Mild weather keeps oil offshore

Thu, May 6, 2010

2010 archive

A combination of mild weather and a favorable current could keep the Deepwater Horizon oil spill from reaching the state’s beaches for at least three to five days, state officials said on Wednesday.

“Mother Nature has played in our favor so far,” said State Meterologist Amy Godsey.

Godsey explained that winds right now are blowing out of the north and aren’t expected to change until the end of the week. She said there is a slight current that could push the massive oil spill toward Louisiana marshes.

But state officials also pointed out that the loop current – which could carry the spill down around the southern tip of Florida – also remains 200-250 miles away as well.

David Halstead, the state’s emergency management director, even said that state officials could be still waiting for the spill to finally come ashore early next week.

The U. S. Coast Guard on Wednesday opened an incident command center in St. Petersburg and has begun monitoring the spill from a Coast Guard facility in Key West, according to the Florida Department of Environmental Protection.

Meanwhile, BP was moving ahead with plans to deploy a building-size containment vessel over the gushing oil well over the weekend and it could stop the leak by Monday, said Doug Suttles, BP’s chief operating officer. A ship carrying the containment structure was sailing towards the site and should reach it later Wednesday.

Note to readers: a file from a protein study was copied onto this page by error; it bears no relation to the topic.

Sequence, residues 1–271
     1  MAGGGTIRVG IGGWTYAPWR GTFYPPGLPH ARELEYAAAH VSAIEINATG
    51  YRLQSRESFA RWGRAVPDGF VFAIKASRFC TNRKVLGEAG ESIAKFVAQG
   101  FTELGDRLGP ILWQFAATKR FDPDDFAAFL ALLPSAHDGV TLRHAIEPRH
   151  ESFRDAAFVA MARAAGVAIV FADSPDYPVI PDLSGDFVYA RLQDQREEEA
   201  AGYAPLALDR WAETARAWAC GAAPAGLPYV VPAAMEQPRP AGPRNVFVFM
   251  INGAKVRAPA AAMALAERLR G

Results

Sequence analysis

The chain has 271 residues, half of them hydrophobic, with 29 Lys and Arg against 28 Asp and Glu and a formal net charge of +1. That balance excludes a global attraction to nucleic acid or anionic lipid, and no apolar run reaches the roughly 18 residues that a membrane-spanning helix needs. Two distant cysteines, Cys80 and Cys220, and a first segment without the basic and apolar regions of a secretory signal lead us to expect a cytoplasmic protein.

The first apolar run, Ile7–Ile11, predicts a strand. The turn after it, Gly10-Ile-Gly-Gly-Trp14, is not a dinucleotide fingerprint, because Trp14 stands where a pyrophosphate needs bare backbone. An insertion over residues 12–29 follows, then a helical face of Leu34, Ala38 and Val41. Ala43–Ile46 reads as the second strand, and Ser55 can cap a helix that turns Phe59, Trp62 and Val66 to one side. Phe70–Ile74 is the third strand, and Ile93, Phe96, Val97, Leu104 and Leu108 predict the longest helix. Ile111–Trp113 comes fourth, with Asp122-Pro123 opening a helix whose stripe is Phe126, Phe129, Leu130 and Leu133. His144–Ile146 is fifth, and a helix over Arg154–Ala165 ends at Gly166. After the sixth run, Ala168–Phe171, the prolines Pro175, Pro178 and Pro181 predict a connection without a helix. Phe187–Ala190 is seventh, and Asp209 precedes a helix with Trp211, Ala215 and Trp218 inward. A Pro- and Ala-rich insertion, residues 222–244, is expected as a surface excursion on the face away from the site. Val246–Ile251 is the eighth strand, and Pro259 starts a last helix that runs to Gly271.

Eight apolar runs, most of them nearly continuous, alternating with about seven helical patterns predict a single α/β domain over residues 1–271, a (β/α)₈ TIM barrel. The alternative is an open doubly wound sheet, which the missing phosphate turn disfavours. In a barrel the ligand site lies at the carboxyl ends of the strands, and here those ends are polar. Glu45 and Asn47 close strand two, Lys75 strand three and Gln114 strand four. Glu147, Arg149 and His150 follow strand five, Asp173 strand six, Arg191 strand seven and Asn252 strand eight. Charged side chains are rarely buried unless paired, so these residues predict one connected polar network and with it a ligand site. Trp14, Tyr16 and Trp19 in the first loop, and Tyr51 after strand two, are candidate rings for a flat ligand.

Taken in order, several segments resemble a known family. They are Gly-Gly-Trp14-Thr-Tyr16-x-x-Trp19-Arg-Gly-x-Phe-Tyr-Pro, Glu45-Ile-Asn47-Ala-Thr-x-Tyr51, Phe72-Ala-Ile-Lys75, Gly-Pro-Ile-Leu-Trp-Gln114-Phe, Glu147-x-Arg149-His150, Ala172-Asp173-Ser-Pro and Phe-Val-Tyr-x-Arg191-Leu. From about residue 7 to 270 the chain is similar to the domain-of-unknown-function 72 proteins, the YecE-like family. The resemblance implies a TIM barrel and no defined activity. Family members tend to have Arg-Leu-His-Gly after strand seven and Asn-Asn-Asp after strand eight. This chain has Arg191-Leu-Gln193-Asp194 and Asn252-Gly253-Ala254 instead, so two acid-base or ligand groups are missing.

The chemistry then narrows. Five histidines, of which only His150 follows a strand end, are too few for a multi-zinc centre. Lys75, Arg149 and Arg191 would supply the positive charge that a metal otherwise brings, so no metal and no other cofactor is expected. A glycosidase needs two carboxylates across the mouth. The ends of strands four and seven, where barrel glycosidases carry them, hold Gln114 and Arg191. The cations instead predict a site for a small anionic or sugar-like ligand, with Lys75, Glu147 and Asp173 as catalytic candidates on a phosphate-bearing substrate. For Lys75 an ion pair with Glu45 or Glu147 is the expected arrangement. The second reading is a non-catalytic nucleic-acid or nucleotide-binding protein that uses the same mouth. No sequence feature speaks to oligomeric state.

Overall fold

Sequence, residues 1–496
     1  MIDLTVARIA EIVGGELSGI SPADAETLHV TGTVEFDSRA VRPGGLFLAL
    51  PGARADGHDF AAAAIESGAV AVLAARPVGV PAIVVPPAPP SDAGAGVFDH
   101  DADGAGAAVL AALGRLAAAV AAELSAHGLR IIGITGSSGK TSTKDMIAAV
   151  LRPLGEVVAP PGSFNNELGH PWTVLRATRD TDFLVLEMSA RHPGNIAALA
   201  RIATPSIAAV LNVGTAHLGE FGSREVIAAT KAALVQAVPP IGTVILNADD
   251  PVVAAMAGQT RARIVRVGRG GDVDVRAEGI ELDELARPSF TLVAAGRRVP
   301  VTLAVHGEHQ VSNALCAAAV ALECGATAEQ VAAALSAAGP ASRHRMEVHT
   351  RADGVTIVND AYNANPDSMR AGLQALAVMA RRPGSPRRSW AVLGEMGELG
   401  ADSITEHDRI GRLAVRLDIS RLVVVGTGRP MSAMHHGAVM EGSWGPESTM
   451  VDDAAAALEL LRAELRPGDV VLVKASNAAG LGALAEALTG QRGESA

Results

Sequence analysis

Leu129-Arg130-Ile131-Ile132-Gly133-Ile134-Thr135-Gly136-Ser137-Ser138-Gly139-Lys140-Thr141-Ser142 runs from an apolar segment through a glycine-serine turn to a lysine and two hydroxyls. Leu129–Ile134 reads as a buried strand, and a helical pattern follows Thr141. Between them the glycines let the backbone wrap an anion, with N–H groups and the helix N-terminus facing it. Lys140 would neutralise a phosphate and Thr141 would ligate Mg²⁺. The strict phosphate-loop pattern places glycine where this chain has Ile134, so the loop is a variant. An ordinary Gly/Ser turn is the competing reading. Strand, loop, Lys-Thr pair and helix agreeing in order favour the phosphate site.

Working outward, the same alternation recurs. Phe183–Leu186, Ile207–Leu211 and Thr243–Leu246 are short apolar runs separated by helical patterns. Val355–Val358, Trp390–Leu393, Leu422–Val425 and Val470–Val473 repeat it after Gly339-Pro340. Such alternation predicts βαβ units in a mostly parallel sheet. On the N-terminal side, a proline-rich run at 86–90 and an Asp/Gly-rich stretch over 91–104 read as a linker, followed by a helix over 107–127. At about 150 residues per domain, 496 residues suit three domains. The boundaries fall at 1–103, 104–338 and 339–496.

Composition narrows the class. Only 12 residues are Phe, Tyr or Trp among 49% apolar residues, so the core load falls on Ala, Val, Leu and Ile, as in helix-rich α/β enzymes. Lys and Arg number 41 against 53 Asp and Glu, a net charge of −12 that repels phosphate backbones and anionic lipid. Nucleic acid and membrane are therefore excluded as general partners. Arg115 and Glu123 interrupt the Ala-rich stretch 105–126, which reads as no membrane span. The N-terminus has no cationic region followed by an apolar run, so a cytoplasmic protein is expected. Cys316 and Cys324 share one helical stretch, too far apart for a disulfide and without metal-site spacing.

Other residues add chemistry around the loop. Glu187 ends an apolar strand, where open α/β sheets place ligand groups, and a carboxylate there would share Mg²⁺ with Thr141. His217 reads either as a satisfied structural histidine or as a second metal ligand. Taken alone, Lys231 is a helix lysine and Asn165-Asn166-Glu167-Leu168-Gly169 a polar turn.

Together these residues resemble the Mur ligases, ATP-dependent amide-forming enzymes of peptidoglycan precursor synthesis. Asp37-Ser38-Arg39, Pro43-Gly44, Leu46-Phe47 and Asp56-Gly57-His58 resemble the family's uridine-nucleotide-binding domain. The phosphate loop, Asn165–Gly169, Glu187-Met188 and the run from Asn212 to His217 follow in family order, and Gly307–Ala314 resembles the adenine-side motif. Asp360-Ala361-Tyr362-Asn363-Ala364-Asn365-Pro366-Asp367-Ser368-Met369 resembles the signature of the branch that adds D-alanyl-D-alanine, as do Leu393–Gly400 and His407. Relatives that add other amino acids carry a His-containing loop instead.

The calm weather Wednesday allowed BP to set fires to burn off some oil from the sea surface, said Charlie Henry, a National Oceanic and Atmospheric Administration scientist.

Suttles said there was no confirmed oil onshore. He said the company is tracking only two oil sheens along islands along the coast of Louisiana.

Regarding the containment structure, Suttles and Coast Guard Rear Admiral Mary Landry, the incident commander, cautioned against having high hopes for the technology, which has never been used in waters nearly a mile deep.

“This has to be done very precisely at a depth of 5,000 feet,” Suttles said. “It is a very complex task.”

“This hasn’t been done before,” Suttles said. “It is very complex. It will likely have challenges along the way.”

The company also suspended the use of oil dispersant chemicals at the broken well near the sea floor as part of a planned review, Suttles said. Some marine scientists have raised concerns about the chemicals harming larval sea life.

Landry declined to estimate the size of the spill because she said it is “dynamic every day.”
(Story content provided by the Current, produced by The Florida Tribune. Story copyrighted by Bruce Ritchie and FloridaEnvironments.com. Do not copy or redistribute without permission.)

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